My high school junior came home soon after school began to share with me that her World Religions class was going to have tarot cards demonstrated and that she could have her cards read. Anyone that knows me knows two things that apply to this revelation. One is that I’m not going to be one to “freak out” about much. The other is that I have faith in and complete devotion to the God of the Old and New Testaments. We had a conversation about what those scriptures say about witchcraft, but ultimately, I left the decision to her.

Over the next couple of days, I thought about the conversation and about the class content and design. I emailed the teacher and asked several questions. As an educator, I don’t believe any subject is off-limits, however some may be more useful than others. My student had said that the teacher was able to convince the new principal to include Wiccan as it had not been taught before for fear of controversy. So, I asked the teacher whether atheism, satanism, humanism and/or voodoo were also being included. I also asked that since the kids were being allowed to partake in tarot card reading as a religious practice, would they then also be allowed to pray with a rabbi, or a priest as part of their religious practices or perhaps the demonstration of an exorcism.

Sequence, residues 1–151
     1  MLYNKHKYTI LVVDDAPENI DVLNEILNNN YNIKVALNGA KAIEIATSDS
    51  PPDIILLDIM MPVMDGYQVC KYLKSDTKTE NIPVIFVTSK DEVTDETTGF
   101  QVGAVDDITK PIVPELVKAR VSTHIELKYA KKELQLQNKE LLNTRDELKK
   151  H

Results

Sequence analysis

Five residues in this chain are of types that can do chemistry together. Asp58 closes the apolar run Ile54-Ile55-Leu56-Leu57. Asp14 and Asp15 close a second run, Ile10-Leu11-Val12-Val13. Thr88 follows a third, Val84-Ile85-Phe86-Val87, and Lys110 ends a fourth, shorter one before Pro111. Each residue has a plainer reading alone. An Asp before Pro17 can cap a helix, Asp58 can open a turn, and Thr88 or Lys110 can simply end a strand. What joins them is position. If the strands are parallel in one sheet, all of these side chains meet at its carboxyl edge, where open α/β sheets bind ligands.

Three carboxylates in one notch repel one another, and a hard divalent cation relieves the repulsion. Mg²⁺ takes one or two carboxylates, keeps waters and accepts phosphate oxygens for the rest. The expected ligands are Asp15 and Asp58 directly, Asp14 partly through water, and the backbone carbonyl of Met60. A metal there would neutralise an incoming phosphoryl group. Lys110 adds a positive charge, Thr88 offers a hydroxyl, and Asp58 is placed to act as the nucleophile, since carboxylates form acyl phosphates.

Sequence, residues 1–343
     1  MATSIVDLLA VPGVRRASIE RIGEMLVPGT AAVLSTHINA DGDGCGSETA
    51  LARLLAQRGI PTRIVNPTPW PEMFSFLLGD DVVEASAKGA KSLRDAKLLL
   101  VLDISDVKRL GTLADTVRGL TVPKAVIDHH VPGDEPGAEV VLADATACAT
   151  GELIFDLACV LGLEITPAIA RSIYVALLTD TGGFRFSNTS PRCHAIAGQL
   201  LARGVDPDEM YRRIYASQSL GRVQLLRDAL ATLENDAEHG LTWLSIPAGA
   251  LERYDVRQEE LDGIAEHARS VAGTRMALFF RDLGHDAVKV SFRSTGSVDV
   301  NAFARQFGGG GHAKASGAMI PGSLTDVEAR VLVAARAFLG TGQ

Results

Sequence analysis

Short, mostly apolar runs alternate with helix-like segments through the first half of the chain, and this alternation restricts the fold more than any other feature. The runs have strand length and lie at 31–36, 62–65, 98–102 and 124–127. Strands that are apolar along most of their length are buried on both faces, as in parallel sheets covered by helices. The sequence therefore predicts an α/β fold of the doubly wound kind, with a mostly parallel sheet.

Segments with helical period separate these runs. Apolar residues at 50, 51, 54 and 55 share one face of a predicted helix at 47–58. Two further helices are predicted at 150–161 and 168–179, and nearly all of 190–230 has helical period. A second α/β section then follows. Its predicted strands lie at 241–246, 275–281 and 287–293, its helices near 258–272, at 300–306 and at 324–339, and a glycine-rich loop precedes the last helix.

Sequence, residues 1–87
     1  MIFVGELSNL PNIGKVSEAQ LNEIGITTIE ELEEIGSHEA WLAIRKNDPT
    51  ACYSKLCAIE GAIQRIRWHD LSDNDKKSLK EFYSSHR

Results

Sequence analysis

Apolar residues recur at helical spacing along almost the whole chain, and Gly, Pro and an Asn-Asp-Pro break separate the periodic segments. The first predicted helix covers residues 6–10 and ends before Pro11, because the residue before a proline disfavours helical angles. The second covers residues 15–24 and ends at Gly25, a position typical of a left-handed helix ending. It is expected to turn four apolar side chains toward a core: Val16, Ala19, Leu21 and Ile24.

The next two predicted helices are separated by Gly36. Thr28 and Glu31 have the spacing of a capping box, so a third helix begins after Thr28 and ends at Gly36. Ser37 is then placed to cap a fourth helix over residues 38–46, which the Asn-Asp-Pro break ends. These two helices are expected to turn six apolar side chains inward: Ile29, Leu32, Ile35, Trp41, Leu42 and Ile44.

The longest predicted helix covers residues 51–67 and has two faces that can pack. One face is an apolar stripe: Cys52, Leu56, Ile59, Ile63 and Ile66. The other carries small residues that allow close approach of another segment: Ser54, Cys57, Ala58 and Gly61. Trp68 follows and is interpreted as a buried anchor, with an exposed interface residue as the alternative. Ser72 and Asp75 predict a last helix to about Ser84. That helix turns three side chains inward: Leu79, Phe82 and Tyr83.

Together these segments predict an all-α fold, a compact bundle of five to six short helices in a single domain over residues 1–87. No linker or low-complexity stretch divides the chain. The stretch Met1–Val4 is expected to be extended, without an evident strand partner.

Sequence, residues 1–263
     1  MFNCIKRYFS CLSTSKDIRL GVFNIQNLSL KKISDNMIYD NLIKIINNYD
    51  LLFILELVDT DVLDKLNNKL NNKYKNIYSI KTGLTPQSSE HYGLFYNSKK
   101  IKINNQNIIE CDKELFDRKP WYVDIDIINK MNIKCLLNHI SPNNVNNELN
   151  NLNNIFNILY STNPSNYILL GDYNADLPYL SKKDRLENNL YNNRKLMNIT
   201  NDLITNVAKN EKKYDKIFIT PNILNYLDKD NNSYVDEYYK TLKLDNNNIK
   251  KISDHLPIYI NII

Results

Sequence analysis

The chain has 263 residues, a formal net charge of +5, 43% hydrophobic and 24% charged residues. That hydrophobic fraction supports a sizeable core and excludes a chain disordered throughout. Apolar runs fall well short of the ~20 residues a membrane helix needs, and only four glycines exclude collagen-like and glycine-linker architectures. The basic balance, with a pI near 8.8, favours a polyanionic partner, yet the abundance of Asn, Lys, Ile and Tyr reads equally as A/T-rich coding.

The teacher replied that there wasn’t enough time to cover everything. He also clarified that tarot cards would be shown but not read. He also sent me a syllabus. It was a brief outline of the “religions” covered and a brief description of the outcome which is to “Gain a better understanding of other religions and to gain an understanding of how religious values may affect reactions and decisions that are different than ours by other individuals and cultures.”

From an educational perspective, (and I have written courses and chosen content), I had several thoughts. Based upon the syllabus I don’t see a discussion about “religion” by definition. “Religion” is “a personal set or institutionalized system of attitudes, beliefs, and practices.” Basically, it’s our worldview, the lens through which we operate our lives. If we believe the scriptures that I earlier spoke of to be true, then we live our life in a certain way. If we believe that there is no God, then we live our life based upon that. Is defining religion part of this class?

Once we define religion, I believe it’s important to talk about what “religion” has done historically. Religion killed Jesus. Religion brought about the Crusades. Religion caused the events in Salem, Massachusetts. Religion was responsible for the events of September 11, 2001. Religion was involved in the creation of public education in America. (One could argue that belief in the power of public education to cure society’s ills today is a religion.) Religion, if defined as the lens through which we operate our lives, could also be said to have played a part in the rise to power of Hitler (as statism) and the actions of Stalin (as communism). All these historical events were the result of extreme religious beliefs. Beliefs held in such high esteem that they blind people to the consequences of their actions.